New Rules Now, Says Task Force On Tysons

By Amy Gardner
Washington Post Staff Writer
Monday, December 8, 2008

Landowners, developers and members of the Fairfax County Board of Supervisors say there is new urgency to move forward with ambitious plans to transform Tysons Corner now that federal transit officials have approved a Metrorail line to Dulles International Airport, including four stations in the heart of Tysons.

If property owners aren't quickly given power to build city-style condos and offices around those stations, redevelopment boosters say, there is a real possibility that stations will open onto empty parcels and parking lots with none of the connections to plazas, high-rises, sidewalks and street grids that planners envision.

"They are sandbagging," William D. Lecos, president of the Fairfax County Chamber of Commerce, said of county planners who have laid out a year-long timetable to turn the recommendations of the Tysons Land Use Task Force into real-world regulations. "The task force has been working for three years. We built strong consensus and a good plan. The planning department has no capacity and no interest in adapting its role to expedite this thing."

With 120,000 jobs and two hugely successful malls, Tysons Corner is Virginia's largest business district and immensely important to state and regional economic growth. But its paralyzing traffic, particularly during the evening rush and at holiday shopping time, prompted Fairfax leaders to launch a redevelopment effort as a way to keep businesses from moving and to attract more shoppers, workers and residents.

Fairfax County Executive Anthony H. Griffin said Friday that staff members face an enormous task. They need to write rules governing how tall buildings can be and where they should go. They need to formalize the rules that tell builders what amenities they will be responsible for providing -- such as streets, sidewalks and parks -- in exchange for the right to build.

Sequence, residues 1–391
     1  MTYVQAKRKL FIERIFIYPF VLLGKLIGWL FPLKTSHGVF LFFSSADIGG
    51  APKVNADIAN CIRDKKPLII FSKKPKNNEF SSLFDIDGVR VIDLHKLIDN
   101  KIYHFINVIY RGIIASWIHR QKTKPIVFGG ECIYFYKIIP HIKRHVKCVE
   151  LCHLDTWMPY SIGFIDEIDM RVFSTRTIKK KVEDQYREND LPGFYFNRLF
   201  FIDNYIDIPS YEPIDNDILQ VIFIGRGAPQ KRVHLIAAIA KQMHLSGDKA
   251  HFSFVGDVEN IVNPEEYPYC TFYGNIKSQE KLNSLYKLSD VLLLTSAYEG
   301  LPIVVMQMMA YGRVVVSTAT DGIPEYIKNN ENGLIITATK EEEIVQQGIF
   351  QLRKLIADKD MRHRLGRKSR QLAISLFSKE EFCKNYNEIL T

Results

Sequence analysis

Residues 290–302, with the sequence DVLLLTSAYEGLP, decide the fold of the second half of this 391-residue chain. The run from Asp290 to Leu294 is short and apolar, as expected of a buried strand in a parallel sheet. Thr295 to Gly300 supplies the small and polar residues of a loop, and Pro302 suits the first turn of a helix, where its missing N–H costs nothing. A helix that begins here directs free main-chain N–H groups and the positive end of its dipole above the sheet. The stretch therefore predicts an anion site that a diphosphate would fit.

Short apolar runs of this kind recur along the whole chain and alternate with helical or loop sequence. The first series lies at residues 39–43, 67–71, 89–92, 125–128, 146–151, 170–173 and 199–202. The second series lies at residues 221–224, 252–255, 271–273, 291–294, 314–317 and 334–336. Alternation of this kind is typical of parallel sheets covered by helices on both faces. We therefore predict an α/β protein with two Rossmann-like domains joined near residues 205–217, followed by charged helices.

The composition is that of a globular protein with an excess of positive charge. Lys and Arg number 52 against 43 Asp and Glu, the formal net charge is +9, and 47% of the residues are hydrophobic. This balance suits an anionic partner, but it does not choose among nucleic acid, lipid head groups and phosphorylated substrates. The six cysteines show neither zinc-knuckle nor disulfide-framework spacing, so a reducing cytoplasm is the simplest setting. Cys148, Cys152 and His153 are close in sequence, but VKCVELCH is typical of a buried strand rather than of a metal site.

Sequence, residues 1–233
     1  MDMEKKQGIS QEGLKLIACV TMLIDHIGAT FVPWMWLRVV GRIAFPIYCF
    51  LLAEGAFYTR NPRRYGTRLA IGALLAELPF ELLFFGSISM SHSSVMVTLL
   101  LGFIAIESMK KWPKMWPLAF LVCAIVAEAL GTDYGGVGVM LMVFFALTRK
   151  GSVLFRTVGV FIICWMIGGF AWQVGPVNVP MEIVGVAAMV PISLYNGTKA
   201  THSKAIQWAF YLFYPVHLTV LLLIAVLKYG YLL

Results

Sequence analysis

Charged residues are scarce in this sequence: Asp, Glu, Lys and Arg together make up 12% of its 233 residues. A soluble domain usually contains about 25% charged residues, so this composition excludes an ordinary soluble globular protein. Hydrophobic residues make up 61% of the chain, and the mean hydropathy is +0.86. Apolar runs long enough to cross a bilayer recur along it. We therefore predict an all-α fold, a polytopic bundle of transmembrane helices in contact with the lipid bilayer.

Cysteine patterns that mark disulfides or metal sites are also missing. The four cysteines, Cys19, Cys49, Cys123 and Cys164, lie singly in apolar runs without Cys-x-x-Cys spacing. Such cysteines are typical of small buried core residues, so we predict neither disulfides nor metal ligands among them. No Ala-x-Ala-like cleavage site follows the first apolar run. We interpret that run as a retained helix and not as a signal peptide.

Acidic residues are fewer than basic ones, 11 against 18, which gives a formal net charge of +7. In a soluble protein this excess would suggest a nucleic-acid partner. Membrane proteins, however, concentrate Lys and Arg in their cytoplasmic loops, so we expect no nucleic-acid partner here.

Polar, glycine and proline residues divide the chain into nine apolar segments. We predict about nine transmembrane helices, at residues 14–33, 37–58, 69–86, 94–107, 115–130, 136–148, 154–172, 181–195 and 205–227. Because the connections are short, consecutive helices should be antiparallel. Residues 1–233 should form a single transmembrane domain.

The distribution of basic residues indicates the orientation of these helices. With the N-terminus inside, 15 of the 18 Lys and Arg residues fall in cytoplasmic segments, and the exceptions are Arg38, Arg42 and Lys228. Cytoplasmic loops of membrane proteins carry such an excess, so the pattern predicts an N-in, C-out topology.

"We want this to move along," Griffin said. "This is not an effort to undermine what the task force has done."

Griffin noted that county planners spent more than a year writing the rules governing a much smaller transformation in Merrifield, where Lee Highway and Gallows Road intersect just west of the Capital Beltway. He also said the task force recommendations must, by law, be reviewed by the county Planning Commission and Board of Supervisors before becoming reality.

Not everyone is convinced that the staff couldn't move faster. Several supervisors are expected to press Griffin on this at their board meeting today.

"Some of the property owners may be ready to build, and we should work with them," said the board's vice chairman, Sharon S. Bulova (D-Braddock).

Several members of the Tysons task force expressed concerns at their meeting last week that county planners, with experience primarily in suburban land use, might not be versed in the issues involved in an urban transformation of this scale.

The risk of delay, critics say, is that property owners who have sat on their holdings for years will proceed under current regulations to develop their land. That could scuttle the effort to redevelop Tysons in an orchestrated fashion, following a design aimed at combating congestion, increasing transit use and shrinking the carbon footprint of what is now a traffic-choked expanse of car dealerships, low-rise office buildings and eight-lane roads.

"The longer we wait, the more likely it is that people are going to say, 'Enough already,' '' said Clark Tyler, chairman of the Tysons task force. "Tysons becomes more of the same. But more practically speaking, the universe of people who would contribute to all the amenities -- the grid of streets, the circulator bus system -- shrinks."

Another risk is that developers won't have the time to integrate their building plans with Metro's plans for stations.

"Our development incorporates the Metro platform. We don't want the doors of our Metro stations opening up to car dealerships," said Aaron Georgelas of the development firm Georgelas Group, which together with a consortium of property owners hopes to build high-rises, some of which would connect to Metro, on about 25 acres surrounding the planned Tysons West station on Leesburg Pike.

Georgelas said it could take as long as three years to gain approval for construction once the county completes the new rules and another two to build. That pushes completion at least a year, and possibly two, behind the opening of the rail line, he said.

The Silver Line is awaiting final approval from federal regulators. If approved, it will branch off the Orange Line just past the East Falls Church Metro station in Arlington County and travel through Tysons on its way to Dulles Airport and Loudoun County beyond.

The total cost of the project is $5.2 billion, $900 million of which is expected to be paid with a federal grant. The rest is expected to be funded primarily with higher tolls and special taxing districts in Tysons and Reston. The first phase, to Wiehle Avenue in Reston, is scheduled to open in 2013; the remainder is to be completed two years after that.

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